Civ4 DOES have a lot of feature-creep. I wouldn't recommend it to any casual player. Civ 5? I don't know. There are more casual players than complex players, that's for sure, and they're dumber about their wallets, making them good targets.

    However, this community was sold on the idea that Civ5 was going to be the next step in Civving. It was asserted or implied that it was going to be... ummm... more complex than it turned out to be. Most who feel betrayed do so because of that. We were lied to. Having more or less learned my lesson, I had cautious optimism, and a firm decision to wait for non-pulp reviews before buying. My (irrational?) dislike of Steam destroyed almost any possibility for me to buy the game, though, so I was out of the running a little earlier than most.

    Yes, it IS fans' fault. They didn't do their due diligence. It's our own responsibility to make sure we're not getting ripped off, and that means NOT buying something too soon. Lots of people impulse-buy. The marketing industry gets that, and sells them crap to get them to buy impulsively. They know A LOT about how to push our buttons and get us to do things. I've been studying this for a while now, and it's scary what we now know about the human mind and how it works.

    If fans would STOP pre-buying, if they would DEMAND that reviews be HONEST, and if they would REFUSE to be treated like ATMs, companies wouldn't pull this kind of crap. A bunch of people bought the game because Civ4 was great, and because the marketing people promised the new game would be better than the old. They skewed the information to give us a faulty picture. Originally this was innocently done because details weren't known and were subject to change, but later, it was done purposefully with the bogus reviews, and it wasn't until the game hit the shelves and people could see it for themselves that the game wasn't what they wanted.

    I get why the game mags cave to the pressure. I've had a few people ask ME to do reviews of their products on my site, for which they'd pay me. I took a look at their product, and told them what I'd be saying about it, and I never got the go-ahead to publish. Funny, that. Lucky me, I don't need their money, so I can afford to have integrity. If we demanded that from ALL our news sources, we'd start getting it. They wouldn't dare do a puff piece for fear of losing their customers overnight.
     
  16. Verenti

    Verenti Chieftain

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  17. scratchthepitch

    scratchthepitch King

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    I have to agree with that. Firaxis has essentially been using the same program and have been adding and removing things to it. Sometimes the changes worked, sometimes not. The program is old and outdated. It is also simple. The AI is very basic and more a series of "cheat routines" than an actual working artificial intelligence. Shafer was basically tasked to tack on some substantial changes to this creaking dinosaur and get it to use them. The changes were too ambitious for the poor old creaking dinosaur and it cant use them very well. This is nothing new to the Civ series. It happened in Civ3. The AI could not utilize the new changes (such as bombardment). So the developers pulled some of the things the AI program was failing at, added some other changes they figured the dinosaur would handle better, along with lots of eye candy and called the game Civ4. With Civ5, they decided to take some new directions, but not change the basic program. The game needed a new, modern program to handle AI and the new features to really make them work right. The old dinosaur is simply not designed to be able to handle the complexity, and it cant.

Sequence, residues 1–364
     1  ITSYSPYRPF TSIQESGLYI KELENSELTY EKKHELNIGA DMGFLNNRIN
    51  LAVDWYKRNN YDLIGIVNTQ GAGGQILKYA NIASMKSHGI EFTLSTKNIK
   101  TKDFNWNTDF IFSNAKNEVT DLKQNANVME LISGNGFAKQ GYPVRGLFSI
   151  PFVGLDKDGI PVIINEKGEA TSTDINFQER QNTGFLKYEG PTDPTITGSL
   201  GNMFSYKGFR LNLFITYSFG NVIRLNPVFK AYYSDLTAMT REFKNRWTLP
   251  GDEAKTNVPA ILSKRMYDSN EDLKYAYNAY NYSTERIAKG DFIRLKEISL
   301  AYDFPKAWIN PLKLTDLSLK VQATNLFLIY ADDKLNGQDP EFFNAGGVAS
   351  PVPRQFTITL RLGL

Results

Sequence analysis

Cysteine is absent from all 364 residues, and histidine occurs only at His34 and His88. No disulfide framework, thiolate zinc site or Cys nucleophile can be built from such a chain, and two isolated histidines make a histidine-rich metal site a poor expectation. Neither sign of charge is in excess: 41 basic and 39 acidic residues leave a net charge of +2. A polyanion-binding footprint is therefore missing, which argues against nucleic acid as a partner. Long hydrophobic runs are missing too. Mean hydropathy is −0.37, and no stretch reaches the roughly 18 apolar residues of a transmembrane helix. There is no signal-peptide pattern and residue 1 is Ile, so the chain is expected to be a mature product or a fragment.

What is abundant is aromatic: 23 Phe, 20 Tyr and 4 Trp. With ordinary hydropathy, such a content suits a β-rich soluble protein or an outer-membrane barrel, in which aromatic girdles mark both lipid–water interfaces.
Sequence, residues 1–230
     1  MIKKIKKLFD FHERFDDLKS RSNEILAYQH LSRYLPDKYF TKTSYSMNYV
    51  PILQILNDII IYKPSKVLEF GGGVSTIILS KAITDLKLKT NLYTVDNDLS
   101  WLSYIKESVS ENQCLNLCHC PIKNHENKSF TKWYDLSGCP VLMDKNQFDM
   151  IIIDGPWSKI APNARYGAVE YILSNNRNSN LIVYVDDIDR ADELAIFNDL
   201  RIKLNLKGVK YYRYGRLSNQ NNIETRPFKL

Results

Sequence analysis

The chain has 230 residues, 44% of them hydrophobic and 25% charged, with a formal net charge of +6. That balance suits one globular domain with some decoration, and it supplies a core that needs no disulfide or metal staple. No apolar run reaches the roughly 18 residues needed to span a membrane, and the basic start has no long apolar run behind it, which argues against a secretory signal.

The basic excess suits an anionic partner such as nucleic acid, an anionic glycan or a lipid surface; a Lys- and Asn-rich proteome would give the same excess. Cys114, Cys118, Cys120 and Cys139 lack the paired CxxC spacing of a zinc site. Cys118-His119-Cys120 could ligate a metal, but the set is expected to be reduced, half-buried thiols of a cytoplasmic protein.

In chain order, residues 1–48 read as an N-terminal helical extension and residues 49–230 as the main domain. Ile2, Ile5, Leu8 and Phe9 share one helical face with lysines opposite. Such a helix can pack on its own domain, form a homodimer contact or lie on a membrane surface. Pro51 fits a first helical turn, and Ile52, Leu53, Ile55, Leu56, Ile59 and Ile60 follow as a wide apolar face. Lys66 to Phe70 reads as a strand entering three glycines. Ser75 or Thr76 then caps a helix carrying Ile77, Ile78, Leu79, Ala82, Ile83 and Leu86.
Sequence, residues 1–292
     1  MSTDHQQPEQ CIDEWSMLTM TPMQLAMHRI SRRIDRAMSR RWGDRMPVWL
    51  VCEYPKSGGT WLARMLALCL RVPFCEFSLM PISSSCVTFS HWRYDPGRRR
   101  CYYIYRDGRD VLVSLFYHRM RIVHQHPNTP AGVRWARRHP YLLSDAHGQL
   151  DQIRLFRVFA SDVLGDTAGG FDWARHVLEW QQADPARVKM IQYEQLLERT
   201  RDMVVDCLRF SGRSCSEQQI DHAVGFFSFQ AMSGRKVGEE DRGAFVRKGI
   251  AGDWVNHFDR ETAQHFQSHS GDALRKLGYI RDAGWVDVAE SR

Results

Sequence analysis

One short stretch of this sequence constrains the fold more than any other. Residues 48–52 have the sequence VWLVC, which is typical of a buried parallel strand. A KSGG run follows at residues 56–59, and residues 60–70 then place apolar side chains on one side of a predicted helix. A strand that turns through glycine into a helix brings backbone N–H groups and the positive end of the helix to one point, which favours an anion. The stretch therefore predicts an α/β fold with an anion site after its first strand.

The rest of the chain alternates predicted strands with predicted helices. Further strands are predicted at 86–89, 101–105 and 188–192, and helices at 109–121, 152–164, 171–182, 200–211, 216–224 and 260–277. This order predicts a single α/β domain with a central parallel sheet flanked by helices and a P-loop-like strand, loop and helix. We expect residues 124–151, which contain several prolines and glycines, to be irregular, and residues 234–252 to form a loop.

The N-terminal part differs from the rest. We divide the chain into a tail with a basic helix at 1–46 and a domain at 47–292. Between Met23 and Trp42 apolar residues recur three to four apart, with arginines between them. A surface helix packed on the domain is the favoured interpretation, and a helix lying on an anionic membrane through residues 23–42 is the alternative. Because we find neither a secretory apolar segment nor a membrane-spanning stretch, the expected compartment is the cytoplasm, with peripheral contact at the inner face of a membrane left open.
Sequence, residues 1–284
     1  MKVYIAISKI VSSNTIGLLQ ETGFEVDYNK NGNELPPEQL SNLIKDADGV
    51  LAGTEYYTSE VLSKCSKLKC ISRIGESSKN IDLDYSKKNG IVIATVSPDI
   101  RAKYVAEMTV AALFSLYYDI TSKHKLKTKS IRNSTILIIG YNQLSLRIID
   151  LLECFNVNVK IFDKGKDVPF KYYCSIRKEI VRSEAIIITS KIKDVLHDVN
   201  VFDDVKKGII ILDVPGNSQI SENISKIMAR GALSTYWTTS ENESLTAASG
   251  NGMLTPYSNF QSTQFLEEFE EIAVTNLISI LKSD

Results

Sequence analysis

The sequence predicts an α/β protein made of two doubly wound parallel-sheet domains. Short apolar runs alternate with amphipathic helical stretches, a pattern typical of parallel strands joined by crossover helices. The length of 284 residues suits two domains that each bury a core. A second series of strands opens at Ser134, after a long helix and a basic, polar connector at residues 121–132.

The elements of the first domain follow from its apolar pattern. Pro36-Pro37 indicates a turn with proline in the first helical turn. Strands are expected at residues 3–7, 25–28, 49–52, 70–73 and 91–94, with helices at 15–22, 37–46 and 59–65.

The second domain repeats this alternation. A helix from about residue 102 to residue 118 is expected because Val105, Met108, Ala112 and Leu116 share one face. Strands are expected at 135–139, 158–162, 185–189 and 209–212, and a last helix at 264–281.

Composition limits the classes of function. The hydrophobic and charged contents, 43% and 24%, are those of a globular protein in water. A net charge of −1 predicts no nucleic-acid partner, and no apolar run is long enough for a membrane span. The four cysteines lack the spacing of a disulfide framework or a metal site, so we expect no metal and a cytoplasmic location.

So in my opinion, it is probably unfair to put the blame on Shafer, or any one else of the designers, because they were given an impossible task from higher on up. It is possible they could have done a better job with the limits imposed, or maybe they did the best that could have been done. Not being in the middle, we don't know, and speculating about that aspect is pointless. The problems with Civ5 (and Civ4, 3, 2, 1) are the result of management decisions to extract the most profit from the least outlay.
     
  18. Negator_UK

    Negator_UK King

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    I kind of agree, but its more than that - even Civ4 has QUALITY problems that were not present in Civ1.

    The one that stands out for me is how stepping through units works.

    In Civ1 stepping through units had some technology that meant you usually stepped through them around a locality and only stepped away when all the units in that area had been stepped through and dealt with by the player.

    In Civ4, when I step though the units I am bounced randomly all over the map - maybe first the unit by the capital, then one at the front lines, then back by the capital, then over on some island.. etc.. ad nauseum. This way I forget to finish attacks, miss workers and misplay loads of stuff, all because of the lack of a feature that has already been invented and built into a Civ game - ie its development cost should be zero dollars and time - all it needs is due care for the user experience to copy it forward.

    This lack of care shows up all over the game and irritates the hell out of me, even though I can see there are also some good features in the game too.

    This is the main indicator to me that Firaxis regards its "users" as drug addicts to be marketed to, rather than people it respects, and develops its products accordingly. This is an company-wide, even industry-wide problem, not just the fault of one man like Jon Schaeffer.

    They will have to seriously change their attitude if I am ever to consider paying full price for their games again.
     
  19. aeligos

    aeligos Chieftain

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    Shaffer is on to better things.

    Stardock is the future.

    Who is Sid anyway? Just another Steamed corporate pony.

    -.-
     
  20. Munchkinguy

    Munchkinguy Chieftain

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    Okay, but that's not really a matter of gameplay, although I must admit that I enjoy reading the Civilopedia.

    This seems to be a matter of personal preference. Firaxis promoted the non-unit-stacking change as opening up new strategic possibilities. Long-range fire is more useful now. I personally prefer the non-stacking rule. It makes CIV a bit more like a board game. Can you imagine if you could stack all of your chess pieces into one square?